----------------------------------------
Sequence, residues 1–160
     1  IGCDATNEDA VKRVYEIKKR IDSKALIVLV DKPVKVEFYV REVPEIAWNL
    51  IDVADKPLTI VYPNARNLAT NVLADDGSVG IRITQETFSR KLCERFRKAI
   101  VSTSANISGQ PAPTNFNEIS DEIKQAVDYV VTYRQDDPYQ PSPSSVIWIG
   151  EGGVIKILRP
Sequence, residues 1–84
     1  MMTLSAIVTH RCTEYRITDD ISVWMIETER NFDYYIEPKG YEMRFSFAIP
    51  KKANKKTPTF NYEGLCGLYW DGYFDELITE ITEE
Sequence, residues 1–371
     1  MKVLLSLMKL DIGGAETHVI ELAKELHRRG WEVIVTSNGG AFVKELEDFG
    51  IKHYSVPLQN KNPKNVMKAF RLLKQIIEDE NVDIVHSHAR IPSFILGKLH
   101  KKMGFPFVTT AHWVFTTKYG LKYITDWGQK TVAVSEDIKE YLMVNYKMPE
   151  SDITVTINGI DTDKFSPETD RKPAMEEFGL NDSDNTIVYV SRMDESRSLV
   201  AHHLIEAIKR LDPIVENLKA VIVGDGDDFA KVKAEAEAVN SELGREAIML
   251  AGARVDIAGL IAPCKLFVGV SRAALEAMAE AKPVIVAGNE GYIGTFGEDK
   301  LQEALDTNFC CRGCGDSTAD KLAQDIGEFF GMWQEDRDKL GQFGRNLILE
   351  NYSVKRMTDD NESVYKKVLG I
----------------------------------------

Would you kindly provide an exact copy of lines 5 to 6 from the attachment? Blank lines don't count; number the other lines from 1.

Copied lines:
   151  EGGVIKILRP
Sequence, residues 1–84